Working in partnership

When a child or young person is different at home and school

Engage in a collaborative approach with parents or carers and the child or young person to establish and reduce possible triggers in either setting.

When a child or young person is behaving better at school than home, be mindful to reassure their parents or carers that school can be a more consistent environment and their child may be following the social norms around them. However, some children and young people mask their anxieties until they go home, so exploring what can happen at school to reduce the child or young person’s stress will be supportive to families.

Understanding why parents and carers might avoid involvement

Be mindful that proactive approaches and positive relationships can overcome these potential barriers for parent or carers:

  • Unpleasant memories of school
  • Children and young people forbidding them to ‘make a fuss’
  • The tendency to only get involved if there’s a problem
  • Infrequent communication from the setting
  • Struggling to get into school
  • Thinking it’s best to leave teaching to qualified teachers
  • Not having enough information to act on
  • Language barriers
  • Not understanding the ‘jargon’
  • Parents’ evenings feeling too stressful

Removing barriers when this happens

Work hard to build and maintain trust:

  • Be accessible, open and transparent.
  • Use approaches and systems that make it easy for parents and carers to make contact.
  • Act with honesty and integrity.
  • Recognise when it is a bad day for a parent or carer, (for example if they are in pain or in a low mood).
  • Be empathetic – able to empathise and provide emotional support as required.
  • Provide advocacy and/or support self-advocacy for families as required.
  • Be flexible and responsive, and willing to consider new opportunities.
  • Be open to change and compromise.
  • Be solution focused, making things happen.

Preparing for difficult conversations

This could be when there is a disagreement between parents or carers and school or between family members about the best course of action for a child or young person.

Be prepared by:

  • Discussing your concerns with a line manager before and after the meeting if necessary to consider the best approach to resolving the situation. However, it is important parents and carers don’t feel a decision has been made before they arrive.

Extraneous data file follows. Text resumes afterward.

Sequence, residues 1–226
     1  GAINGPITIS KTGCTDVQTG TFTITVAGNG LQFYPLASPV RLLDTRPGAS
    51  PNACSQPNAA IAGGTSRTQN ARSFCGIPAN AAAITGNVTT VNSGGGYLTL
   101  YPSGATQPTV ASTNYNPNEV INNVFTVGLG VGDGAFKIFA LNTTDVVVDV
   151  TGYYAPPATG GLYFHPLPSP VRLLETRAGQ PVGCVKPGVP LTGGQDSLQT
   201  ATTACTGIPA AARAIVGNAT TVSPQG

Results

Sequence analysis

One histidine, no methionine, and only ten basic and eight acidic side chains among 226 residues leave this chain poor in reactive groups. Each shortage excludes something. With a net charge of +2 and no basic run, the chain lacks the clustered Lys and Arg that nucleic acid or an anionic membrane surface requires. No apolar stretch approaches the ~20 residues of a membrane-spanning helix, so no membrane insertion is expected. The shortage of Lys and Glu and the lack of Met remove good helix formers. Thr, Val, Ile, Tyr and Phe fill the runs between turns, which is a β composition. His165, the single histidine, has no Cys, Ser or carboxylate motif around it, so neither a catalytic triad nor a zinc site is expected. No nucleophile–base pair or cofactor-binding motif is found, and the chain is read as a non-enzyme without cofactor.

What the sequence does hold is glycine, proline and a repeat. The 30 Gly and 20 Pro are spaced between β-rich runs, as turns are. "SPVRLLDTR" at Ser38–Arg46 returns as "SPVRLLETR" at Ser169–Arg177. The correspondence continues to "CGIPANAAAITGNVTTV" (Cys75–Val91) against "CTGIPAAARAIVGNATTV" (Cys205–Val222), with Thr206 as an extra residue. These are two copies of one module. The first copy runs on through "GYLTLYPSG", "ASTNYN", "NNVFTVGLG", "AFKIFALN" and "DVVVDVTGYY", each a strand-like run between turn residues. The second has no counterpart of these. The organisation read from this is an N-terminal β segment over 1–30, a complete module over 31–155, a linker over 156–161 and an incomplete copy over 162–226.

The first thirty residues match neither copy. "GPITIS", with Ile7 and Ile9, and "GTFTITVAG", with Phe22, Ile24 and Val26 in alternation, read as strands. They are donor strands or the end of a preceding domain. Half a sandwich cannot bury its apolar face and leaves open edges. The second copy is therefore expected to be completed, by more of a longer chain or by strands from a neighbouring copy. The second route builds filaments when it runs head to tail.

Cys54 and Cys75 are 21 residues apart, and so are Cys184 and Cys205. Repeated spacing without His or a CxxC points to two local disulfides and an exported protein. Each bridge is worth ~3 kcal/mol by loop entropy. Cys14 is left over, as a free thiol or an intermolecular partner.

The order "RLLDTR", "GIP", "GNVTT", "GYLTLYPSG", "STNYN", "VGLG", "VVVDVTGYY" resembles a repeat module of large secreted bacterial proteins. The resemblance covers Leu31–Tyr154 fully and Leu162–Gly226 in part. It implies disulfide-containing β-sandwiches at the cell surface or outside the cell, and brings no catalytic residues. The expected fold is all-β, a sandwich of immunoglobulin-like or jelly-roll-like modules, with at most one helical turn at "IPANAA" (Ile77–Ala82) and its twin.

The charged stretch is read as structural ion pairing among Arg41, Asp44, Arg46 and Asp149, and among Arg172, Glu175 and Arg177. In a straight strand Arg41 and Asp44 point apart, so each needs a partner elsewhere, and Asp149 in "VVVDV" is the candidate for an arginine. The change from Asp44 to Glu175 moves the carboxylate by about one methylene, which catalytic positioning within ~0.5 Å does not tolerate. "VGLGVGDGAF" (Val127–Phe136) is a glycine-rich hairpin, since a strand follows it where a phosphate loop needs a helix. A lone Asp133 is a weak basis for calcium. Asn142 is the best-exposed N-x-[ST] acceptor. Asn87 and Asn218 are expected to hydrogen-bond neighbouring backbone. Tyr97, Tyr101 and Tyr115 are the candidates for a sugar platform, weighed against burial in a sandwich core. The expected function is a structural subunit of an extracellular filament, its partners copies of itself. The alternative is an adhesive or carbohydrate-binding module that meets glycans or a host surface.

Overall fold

• Being polite and welcoming and thank the parent carer or family member who is bringing their concerns for raising them.
  • Acknowledging angry or critical feelings as upset feelings and validate this emotion for example; “I can see you are upset this happened and understand this.”
  • Starting a potentially difficult conversation or meeting by saying that we know there are/will be different perspectives but everybody’s concern is the best outcome for the child or young person so let’s work hard together to find a way to find a way forward to achieving this.
  • Beginning and ending with a positive.
  • Trying to proactively ‘resolve’ potential issues with the parent or carer before the meeting.
  • Apologising if mistakes have been made or there has been miscommunication and avoid being defensive.
  • Remaining calm, reasonable and professional.
  • Having information available to help parent and carers understand the situation better.
  • Being prepared to offer help to the parent or carer including signposting to parent support forums, Rotherham Parent Carer Forum, etc.
  • Keeping to scheduled meetings and avoiding drop ins but be prepared to be responsive to family members who are upset.
  • Inviting an appropriate colleague to listen and support without prejudice.
  • Suggesting to family members they may wish to bring a friend or another member of the family to support them.
  • Ending a meeting professionally if the conversation is becoming too difficult or confrontational; attempt to arrange a follow up conversation when things are calmer.
  • Always following up the meeting’s actions promptly including minutes and documentation.